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Research project: Dignity therapy for older people in care homes - Dormant - Dormant

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A short treatment has been developed to help increase people’s feelings of dignity and reduce feelings of distress towards the end of life. This involves giving people the chance to talk about their lives, what they want to be remembered for, and any advice they would like to leave to family and friends. The interview is made into a document, which can be left with people of patients’ choosing. We plan to see if dignity therapy helps older people reaching the end of life in care homes and their families. We will compare feelings of dignity and distress in residents who have had the therapy with those who have not and ask residents for their views on the treatment. We will also ask the people who received the dignity documents if they have helped them. We will also explore the possibility of care home staff being involved in the therapy

The aim of this study is to assess the potential effectiveness, feasibility and acceptability of delivering a brief psychotherapy to reduce psychological distress in older people in care homes. The therapy can be delivered at the bedside, by any trained health or social care professional and aims to help patients and their families. It comprises a short interview, which is recorded, transcribed, edited for clarity, then returned to the resident to share with people of their choosing. We plan to explore the possibility of involving care home staff in the therapy. 64 residents of care homes will be randomly allocated to one of two groups: the therapy intervention, or a control group. The main outcomes will be a sense of dignity and psychological distress. This and other outcomes for residents will be assessed at one and eight week follow-up. The views of recipients residents’ documents (usually family) will be sought.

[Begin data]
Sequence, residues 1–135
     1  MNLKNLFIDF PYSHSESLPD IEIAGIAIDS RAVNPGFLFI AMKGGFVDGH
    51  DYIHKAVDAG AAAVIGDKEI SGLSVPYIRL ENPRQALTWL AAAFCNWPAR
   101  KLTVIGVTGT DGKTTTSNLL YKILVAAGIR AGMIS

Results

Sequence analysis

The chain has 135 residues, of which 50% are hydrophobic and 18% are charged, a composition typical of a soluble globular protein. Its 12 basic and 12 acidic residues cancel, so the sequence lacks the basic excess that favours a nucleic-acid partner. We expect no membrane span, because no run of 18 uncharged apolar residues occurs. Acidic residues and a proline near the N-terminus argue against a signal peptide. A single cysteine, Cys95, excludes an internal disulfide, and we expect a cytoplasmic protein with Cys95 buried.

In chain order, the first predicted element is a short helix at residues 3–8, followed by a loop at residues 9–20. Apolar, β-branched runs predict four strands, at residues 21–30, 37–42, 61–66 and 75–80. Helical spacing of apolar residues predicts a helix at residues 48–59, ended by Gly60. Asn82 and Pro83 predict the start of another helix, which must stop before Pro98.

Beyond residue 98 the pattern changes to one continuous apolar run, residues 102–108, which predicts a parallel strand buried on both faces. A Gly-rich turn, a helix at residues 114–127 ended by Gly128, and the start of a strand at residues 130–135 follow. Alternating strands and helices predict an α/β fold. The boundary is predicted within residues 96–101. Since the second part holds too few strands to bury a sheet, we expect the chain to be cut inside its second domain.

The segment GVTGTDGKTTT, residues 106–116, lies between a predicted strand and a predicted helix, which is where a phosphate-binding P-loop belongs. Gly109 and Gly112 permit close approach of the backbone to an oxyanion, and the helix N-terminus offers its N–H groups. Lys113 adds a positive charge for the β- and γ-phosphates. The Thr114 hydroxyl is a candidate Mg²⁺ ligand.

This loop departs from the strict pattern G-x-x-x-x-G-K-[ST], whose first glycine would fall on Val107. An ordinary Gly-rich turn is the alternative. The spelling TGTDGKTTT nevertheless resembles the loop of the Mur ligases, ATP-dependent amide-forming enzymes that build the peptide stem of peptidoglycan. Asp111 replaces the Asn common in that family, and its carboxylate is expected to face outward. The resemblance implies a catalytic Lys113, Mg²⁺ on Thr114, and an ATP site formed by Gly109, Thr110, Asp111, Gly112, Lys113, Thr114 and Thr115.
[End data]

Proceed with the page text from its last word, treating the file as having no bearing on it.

Project team

Professor Alison Richardson

External

Dr Sue Hall, King’s College London, Professor Irene Higginson, Professor Harvey Chochinov, Professor Scott Murray and Dr Richard Harding

Project funder

The Dunhill Medical Trust

Associated research themes

Older people
Palliative care
End of life care
Complex intervention
Dignity

Related research groups

Complex Healthcare Processes
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